John Lee Roberts, electrical engineer, was educated at St Marks College, London, and received his professional training at the English Electrical Construction Company. In 1896 he came to Durban as representative of that firm, to supervise the installation of the first electric lighting plant in the city. Upon the completion of this work, in October 1897, he was appointed as the first electrical engineer of the borough, a post he held until his retirement in December 1932. During these years the Durban Electricity Department expanded from four lights in the centre of town to serving over 20 000 consumers.
Roberts visited continental Europe, Britain and the United States in 1899 to study electric traction. Upon his return he advised the city council to take over the existing private telephone and tramway companies in the city and helped to adapt both to the city's requirements. In 1902 he supervised the conversion of the trams to electric traction and around this time supervised the installation of the municipal telephone system. He particularly encouraged the domestic use of electricity by holding electrical exhibitions and introducing the hire-purchase system for buying electrical appliances. In 1922 he proposed that Durban establish a municipal radio broadcasting station and under his guidance it was inaugurated in 1924.
In 1924, in addition to his post as borough electrical engineer, Roberts was appointed local manager of the Durban undertaking of the Electricity Supply Commission, a position he held until February 1937. In 1936, he attended the World Power Conference in the United States as an official South African delegate with Dr H.J. van der Bijl, chairman of the Electricity Supply Commission.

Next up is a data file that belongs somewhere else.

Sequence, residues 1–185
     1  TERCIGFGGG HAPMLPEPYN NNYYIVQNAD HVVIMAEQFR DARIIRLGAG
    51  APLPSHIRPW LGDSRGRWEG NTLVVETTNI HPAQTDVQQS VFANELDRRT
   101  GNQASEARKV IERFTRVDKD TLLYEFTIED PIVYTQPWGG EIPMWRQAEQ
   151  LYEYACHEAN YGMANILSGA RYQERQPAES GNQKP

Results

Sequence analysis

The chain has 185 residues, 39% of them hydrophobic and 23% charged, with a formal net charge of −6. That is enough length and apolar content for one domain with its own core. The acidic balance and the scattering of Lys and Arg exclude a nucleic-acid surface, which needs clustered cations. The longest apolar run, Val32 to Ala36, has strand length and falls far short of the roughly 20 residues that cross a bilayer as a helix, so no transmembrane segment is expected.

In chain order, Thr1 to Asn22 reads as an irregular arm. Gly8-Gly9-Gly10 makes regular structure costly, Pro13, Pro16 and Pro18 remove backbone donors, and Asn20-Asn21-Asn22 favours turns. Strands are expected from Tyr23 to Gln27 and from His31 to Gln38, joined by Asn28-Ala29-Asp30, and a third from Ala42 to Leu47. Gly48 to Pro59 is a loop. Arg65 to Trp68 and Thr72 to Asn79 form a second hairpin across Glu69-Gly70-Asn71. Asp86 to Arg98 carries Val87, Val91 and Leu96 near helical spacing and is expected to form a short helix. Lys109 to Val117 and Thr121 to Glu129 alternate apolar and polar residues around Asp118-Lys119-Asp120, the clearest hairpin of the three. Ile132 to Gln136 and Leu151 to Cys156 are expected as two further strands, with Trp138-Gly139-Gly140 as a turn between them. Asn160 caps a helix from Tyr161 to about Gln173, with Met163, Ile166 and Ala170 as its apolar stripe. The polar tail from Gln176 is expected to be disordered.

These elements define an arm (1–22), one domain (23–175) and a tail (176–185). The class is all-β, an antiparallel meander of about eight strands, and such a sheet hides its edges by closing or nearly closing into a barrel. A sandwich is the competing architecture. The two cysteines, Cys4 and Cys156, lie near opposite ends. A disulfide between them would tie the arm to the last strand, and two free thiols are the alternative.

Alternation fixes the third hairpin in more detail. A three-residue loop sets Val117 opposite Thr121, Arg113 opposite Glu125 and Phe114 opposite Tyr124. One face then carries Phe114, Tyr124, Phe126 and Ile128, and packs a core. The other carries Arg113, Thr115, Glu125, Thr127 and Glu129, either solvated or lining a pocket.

His lectures before the Durban Sanitary Association were published under the title Electricity in sanitation: Lectures delivered before the Durban Sanitary Association (1902). Later he wrote a pamphlet on Electricity as a by-product (with special reference to the sugar industry) (Durban, 1918, 11p). Two papers by him were published in the Transactions of the South African Institute of Electrical Engineers: 'Economics of electric transmission and feeder systems for urban electricity supply' (1925, Vol. 16(9), pp. 117-135) and 'A waste heat power station' (1927, Vol. 18(11), pp. 176-188). In 1932 he and H. Clark read a paper on the cost of generating and distributing electricity at the annual congress of the South African Association for the Advancement of Science.
Roberts was a member of the (British) Institution of Electrical Engineers; a member of the South African Institute of Electrical Engineers; and a foundation member of the Association of Municipal Electricity Undertakings of South Africa, serving as its president during 1924-1926. In 1902 he married Kate Blundell, with whom he had two sons and a daughter.